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By Evan Williams, Cambridge Companies

September 1, 2021

Retrofitting vs New Construction

Retrofitting an existing building or new construction for your solid waste facility, a decision makers guide.

Once you have determined you need a new facility, one of the critical decisions to be made is whether to build a new facility from the ground up, or to modify an existing building to suit your needs. While this may seem like a straight-forward process, there are many considerations that will factor into your decision. To make sure your decision is well-informed, you should take a detailed approach to best evaluate your options.

Determine the Program: The first step in this process is to have a firm set of project parameters that the project should address, often referred to as the project program.

This can be prepared by the local GM or Business Development staff, but it may be good to include a design project manager, or similar trained staff familiar with space planning and facility planning. The programming document should be detailed to address building and site requirements needed for a new or retrofit building. Items included in a programming document for a transfer station would likely include the yearly thru-put, expected hours of operations, mix of vehicles expected (internal volume, third party volume, number of residential drop-offs, need to single stream trans-loading, type of loading operation (lift and load, push put, compactor), type of hauling (live loading, drop and haul), types of vehicles that are tipping at the facility (route trucks, walking floors), whether the facility needs to be fully enclosed with negative pressure or an uncovered tipping apron is acceptable, building height needs, etc. These are not all the typical considerations needed for a transfer, but they should all be answered as much as possible, as they will all factor in the evaluation of whether an existing building can be suitable or whether a new building will be needed.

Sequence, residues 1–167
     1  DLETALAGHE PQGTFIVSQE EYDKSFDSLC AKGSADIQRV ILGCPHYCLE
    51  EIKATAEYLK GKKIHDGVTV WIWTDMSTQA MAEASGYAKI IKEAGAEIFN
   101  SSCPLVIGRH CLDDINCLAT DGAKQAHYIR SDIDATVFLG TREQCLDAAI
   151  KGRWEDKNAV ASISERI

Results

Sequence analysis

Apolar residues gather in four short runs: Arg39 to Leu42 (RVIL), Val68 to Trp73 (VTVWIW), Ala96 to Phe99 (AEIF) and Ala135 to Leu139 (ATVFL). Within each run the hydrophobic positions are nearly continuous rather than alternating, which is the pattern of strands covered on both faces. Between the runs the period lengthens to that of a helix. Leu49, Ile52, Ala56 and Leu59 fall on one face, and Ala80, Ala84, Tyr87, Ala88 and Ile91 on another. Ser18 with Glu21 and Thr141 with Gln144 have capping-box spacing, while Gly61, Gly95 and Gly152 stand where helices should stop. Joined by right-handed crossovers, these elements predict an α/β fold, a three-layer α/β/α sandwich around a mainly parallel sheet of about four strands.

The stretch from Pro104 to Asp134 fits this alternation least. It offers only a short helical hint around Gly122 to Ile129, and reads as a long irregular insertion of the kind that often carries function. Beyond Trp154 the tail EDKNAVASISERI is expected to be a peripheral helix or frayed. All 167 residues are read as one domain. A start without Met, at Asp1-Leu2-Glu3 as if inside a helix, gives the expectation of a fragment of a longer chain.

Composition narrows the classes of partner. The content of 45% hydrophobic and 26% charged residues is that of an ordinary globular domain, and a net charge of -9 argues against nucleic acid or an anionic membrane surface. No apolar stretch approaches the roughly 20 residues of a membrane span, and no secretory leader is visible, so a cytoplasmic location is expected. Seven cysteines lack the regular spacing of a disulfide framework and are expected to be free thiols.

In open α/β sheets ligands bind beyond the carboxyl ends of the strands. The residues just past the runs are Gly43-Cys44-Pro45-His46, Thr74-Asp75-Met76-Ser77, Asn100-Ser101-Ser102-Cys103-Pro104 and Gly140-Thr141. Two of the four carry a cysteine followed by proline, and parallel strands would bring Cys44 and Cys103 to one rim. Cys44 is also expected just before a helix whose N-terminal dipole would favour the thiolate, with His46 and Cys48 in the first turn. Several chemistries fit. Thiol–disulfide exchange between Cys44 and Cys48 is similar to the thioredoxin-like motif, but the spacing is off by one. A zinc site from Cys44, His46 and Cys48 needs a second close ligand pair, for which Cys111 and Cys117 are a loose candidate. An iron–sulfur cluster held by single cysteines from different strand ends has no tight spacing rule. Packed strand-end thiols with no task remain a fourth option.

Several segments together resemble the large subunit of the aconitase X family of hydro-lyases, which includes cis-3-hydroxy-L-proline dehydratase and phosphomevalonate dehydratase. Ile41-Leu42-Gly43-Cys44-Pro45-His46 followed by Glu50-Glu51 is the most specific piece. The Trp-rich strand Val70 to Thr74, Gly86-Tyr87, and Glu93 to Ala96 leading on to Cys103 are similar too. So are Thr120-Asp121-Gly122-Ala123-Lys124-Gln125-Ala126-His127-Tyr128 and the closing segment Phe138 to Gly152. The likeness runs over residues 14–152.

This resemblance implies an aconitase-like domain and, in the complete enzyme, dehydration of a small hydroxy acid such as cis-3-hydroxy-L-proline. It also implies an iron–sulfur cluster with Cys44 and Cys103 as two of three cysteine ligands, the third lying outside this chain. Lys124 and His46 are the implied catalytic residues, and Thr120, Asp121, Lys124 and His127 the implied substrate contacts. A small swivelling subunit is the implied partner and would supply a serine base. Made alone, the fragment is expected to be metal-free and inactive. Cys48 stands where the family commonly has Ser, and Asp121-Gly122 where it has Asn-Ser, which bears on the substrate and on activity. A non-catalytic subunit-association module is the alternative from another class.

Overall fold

An additional consideration for your programming document is future growth needs. While projecting future needs can be difficult, it is often a good idea to provide guidance on how you see the operation developing over time. Likely, one of the design requirements will be a master site plan showing all future additions to the building or additional out-buildings to accommodate future growth and morphing operations. This should be a consideration as you plan your new facility. The goal will be to develop a site that meets your needs for now and into the future.

Read the full article (Page 34) in Waste Advantage Magazine